Data Warehousing and Business Intelligence (1)

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Data Warehousing and Business Intelligence
In this section of techtiks, you will find detailed information and must-read articles
related to Data Warehousing and Business Intelligence. The target audience ranges
from beginners to experts. These articles are written by highly ualified Data
Warehouse !ngineers.
Whene"er you see or hear the words "Data Warehouse" you might think of some
large building that has bits of information stored on shel"es waiting for someone to
retrie"e them, perhaps# $et%s think of some traditional warehouse, what it contains#
It contains some goods stored in such a way that they are easy to identify and they
can be uickly retrie"ed. & Data Warehouse also functions in the similar way. Then
how the Data Warehouse is different from traditional relational databases# 'elational
database is similar to Data Warehouse but there are certain defining differences. (ou
will see the differences in following articles.
• Datawarehouse Defined
• !lements of Data Warehouse
• )istory of Data Warehousing
• Dimensional *odeling
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Data Warehouse Definition
/onsider an example where business analyst uses the systems containing
operational data 0the data that runs the daily transactions of your business1.
&nalysts can use information about, which products were sold in which regions at
what time of the year, to look for anomalies or to pro2ect future sales. )owe"er,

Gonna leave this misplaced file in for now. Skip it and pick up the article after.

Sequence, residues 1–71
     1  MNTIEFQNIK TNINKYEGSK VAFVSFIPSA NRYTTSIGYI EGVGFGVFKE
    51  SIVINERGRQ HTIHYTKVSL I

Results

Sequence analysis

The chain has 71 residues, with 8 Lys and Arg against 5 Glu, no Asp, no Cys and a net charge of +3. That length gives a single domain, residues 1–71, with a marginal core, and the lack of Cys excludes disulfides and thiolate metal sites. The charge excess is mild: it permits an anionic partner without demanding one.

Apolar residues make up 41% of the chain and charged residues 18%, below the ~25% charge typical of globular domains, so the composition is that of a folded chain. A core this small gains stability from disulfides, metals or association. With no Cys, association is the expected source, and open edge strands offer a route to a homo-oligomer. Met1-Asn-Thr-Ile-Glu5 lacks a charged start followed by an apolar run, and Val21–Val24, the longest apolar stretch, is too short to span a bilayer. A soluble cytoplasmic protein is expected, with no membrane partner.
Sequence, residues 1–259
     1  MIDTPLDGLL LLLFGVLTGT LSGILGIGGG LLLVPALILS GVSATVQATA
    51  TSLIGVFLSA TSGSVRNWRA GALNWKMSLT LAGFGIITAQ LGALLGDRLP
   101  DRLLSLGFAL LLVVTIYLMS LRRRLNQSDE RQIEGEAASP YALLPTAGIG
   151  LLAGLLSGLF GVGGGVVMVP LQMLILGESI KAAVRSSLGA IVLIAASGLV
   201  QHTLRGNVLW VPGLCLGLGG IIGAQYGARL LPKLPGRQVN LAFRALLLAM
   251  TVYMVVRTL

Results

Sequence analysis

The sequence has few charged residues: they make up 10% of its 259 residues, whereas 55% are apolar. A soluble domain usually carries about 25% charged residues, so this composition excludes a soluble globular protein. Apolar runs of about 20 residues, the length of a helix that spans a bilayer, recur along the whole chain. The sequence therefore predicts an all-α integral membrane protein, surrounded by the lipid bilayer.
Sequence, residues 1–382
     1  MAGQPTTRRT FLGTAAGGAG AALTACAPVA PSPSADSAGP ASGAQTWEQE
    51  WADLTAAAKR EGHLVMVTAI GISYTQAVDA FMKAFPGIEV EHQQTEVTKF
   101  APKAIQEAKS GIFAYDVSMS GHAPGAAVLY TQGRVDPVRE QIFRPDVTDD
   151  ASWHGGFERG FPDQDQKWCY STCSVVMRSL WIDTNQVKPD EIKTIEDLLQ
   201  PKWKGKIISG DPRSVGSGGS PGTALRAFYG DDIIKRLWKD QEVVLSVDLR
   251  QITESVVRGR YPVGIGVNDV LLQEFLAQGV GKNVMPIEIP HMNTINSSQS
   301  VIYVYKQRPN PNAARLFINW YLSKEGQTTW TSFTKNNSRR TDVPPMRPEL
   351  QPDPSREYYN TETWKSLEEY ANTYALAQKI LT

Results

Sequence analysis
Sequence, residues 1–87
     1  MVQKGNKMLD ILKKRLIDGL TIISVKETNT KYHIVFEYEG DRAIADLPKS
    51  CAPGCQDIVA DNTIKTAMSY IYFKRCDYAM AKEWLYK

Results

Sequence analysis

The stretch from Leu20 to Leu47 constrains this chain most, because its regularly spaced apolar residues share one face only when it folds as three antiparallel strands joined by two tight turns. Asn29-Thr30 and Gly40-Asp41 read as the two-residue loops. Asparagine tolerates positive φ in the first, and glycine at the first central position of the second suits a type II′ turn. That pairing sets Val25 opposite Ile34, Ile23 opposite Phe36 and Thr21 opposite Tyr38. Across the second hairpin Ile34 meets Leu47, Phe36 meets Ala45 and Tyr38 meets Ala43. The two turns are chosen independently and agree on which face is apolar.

there are se"eral problems if analyst accesses operational data directly-
• )e might not ha"e the expertise to uery the operational database. 3or
example, uerying I*, databases reuires an application program that uses a
speciali4ed type of data manipulation language. In general, those
programmers who ha"e the expertise to uery the operational database ha"e
a full-time 2ob in maintaining the database and its applications.
• +erformance is critical for many operational databases, such as databases for
a bank. The system cannot handle users making ad-hoc ueries.
• The operational data generally is not in the best format to be used for
reporting ueries
Data warehousing sol"es these problems. In data warehousing, you create stores of
informational data data that is extracted from the operational data and then
transformed for reporting and decision making. 3or example, a data warehousing
tool might copy all the sales data from the operational database, perform
calculations to summari4e the data, and write it to a new database. !nd-users can
uery the new database 0the warehouse1 without impacting the operational
To summari4e
• The purpose of data warehouse is to store data consistently across the
organi4ation and to make the organi4ational information accessible.
• It is adapti"e and resilient source of information. When new data is added to
the Data Warehouse, the existing data and technologies are not disrupted.
The design of separate data marts that make up the data warehouse must be
distributed and incremental. &nything else is a compromise.
• The data warehouse not only controls the access to the data, but gi"es its
owners great "isibility into the uses and abuses of the data, e"en after it has
left the data warehouse.
• Data warehouse is the foundation for decision-making.
!lements of Data Warehouse
,ource ,ystems
Typically in any organi4ation the data is stored in "arious databases, usually di"ided
up by the systems. There may be data for marketing, sales, payroll, engineering,
etc. These systems might be legacy5mainframe systems or relational database
,taging &rea
The data coming from "arious source systems is first kept in a staging area. The
staging area is used to clean, transform, combine, de-duplicate, household, archi"e,
and to prepare source data for use in data warehouse. The data coming from source
system is kept as it is in this area. This need not be based on relational terminology.
,ometimes managers of the data are comfortable with normali4ed set of data. In
these cases, normali4ed structure of the data staging storage is certainly acceptable.